Baltimore is getting a new housing commissioner, but Michael E. Braverman is no stranger to the agency that Mayor Catherine Pugh has appointed him to lead.
During his 17 years as Paul Graziano’s deputy commissioner and director of code enforcement, Braverman pioneered “a new emergency demolition protocol,” according to his resume, “using emergent technologies to assess Baltimore’s long-term vacant rowhouses and to implement updated engineering standards.”
So why can’t the agency and its favorite contractor, Pless Jones, tear down a 14–by-40-foot vacant building next to Henry Anderson’s house in West Baltimore without damaging his property? And why have they left behind an exposed, unstable and unsightly party wall?
We’ll let Anderson tell you the story in his own words.
Dear Mr. Braverman,
For 35 years, I have lived in Sandtown-Winchester. And for 25 of those years, I’ve had to endure a dump of a building next door.
Once a nice corner store, it became a place where people threw their trash down in the basement and where dope fiends came and went without the police, or anybody, stopping them.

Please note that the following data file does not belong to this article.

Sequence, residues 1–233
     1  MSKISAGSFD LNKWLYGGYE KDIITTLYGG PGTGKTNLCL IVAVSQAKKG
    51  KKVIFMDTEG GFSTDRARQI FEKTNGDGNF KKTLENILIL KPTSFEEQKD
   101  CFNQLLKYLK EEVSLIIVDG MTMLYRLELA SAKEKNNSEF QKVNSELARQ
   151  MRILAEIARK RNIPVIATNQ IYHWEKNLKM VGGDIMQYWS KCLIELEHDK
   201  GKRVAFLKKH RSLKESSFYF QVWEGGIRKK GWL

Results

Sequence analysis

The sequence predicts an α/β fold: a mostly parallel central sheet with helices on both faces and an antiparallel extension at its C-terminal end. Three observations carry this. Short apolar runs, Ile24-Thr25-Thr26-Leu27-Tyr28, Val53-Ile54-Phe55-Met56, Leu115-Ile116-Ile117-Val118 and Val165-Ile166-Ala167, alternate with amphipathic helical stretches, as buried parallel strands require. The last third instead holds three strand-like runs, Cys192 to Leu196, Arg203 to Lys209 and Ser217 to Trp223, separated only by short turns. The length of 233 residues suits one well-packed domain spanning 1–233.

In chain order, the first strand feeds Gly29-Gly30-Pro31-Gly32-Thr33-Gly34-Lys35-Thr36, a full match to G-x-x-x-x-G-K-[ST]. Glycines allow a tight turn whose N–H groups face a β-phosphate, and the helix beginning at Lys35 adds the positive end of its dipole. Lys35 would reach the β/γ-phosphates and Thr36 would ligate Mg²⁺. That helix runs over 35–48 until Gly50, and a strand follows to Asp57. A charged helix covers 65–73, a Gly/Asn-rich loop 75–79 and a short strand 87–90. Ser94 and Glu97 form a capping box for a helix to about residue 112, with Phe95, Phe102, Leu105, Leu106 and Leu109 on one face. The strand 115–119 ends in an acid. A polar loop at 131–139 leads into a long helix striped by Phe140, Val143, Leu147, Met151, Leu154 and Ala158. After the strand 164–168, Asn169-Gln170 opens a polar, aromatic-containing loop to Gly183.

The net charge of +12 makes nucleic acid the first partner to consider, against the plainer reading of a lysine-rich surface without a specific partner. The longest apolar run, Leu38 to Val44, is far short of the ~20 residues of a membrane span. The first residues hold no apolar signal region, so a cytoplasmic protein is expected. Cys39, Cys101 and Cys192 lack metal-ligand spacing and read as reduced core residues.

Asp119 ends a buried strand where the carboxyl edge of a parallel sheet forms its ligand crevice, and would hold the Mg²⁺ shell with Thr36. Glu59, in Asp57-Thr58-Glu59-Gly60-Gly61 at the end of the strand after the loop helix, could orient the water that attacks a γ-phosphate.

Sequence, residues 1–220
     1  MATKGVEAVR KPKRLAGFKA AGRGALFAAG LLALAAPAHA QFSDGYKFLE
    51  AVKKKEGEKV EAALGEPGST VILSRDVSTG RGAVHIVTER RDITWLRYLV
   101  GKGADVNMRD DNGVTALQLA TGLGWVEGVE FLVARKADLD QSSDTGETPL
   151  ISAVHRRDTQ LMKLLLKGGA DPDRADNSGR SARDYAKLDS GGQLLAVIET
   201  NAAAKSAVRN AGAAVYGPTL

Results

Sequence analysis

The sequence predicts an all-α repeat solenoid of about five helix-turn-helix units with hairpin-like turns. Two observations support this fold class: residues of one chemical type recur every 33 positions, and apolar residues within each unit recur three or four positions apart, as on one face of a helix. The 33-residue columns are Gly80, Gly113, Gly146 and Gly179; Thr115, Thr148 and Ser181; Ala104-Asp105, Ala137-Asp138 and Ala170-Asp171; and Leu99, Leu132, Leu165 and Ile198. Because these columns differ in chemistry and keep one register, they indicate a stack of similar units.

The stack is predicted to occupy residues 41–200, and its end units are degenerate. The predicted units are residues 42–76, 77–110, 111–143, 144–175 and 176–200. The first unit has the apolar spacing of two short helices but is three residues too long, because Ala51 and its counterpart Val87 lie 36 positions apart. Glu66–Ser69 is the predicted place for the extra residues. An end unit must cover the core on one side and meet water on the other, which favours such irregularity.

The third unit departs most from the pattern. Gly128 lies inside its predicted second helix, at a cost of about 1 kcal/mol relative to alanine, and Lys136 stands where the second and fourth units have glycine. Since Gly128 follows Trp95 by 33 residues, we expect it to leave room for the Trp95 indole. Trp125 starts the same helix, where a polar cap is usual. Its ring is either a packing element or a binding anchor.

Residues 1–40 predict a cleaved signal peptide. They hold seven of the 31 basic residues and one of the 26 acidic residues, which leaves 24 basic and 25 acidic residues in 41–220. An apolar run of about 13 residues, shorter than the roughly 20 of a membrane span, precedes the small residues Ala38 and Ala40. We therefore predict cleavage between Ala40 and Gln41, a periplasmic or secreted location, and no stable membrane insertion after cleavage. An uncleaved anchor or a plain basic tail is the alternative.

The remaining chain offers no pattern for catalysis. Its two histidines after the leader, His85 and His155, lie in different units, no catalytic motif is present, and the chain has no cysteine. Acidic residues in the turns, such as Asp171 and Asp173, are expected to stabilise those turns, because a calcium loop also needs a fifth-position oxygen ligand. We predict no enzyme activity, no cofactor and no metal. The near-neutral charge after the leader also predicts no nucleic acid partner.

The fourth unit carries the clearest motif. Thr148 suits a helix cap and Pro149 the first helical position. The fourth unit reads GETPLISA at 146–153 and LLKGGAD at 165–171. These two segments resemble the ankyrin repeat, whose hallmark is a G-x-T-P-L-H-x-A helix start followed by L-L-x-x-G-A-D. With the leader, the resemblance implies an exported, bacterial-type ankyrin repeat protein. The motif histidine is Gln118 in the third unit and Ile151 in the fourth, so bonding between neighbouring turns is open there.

During those years that you ran code enforcement, my late wife and I called the inspection office many times and said, please, tear this building down.
You sure took your time, but I was so glad when a wrecking crew from Pless Jones/P&J Contracting came to this block about six months ago.
For a day and a half, his men tore the building down. At first, they did a good job. Then they dislodged and broke off some of the corner bricks of my home. Then their crane cracked up the city sidewalk and broke up my front steps. I told them they needed to fix this.
They didn’t fix anything.
“I Haven’t Seen Them Since”
Instead, they dumped a load of dirt to backfill the basement and started building a retaining wall to prop up the party wall with the house next door. After laying a few rows of cinderblocks, they up and left. I haven’t seen them since.
I took photographs and gave them to my landlord. I told him, ‘You got to get in touch with the city because they aren’t doing their job.’
I’ve called your office and they promised to send out an inspector. I haven’t seen anyone yet, and I’m home almost every day.
Mr. Braverman, I’m not a prejudiced man, but I have to think that if this was a white section of Baltimore, your office wouldn’t allow this to go on for months and months.
I believe in this city, but I don’t believe that such an exposed party wall and piles of rubble would be tolerated anywhere downtown or in Bolton Hill.
I’m 74 years old, and I know what I’m talking about.
1117 Winchester Street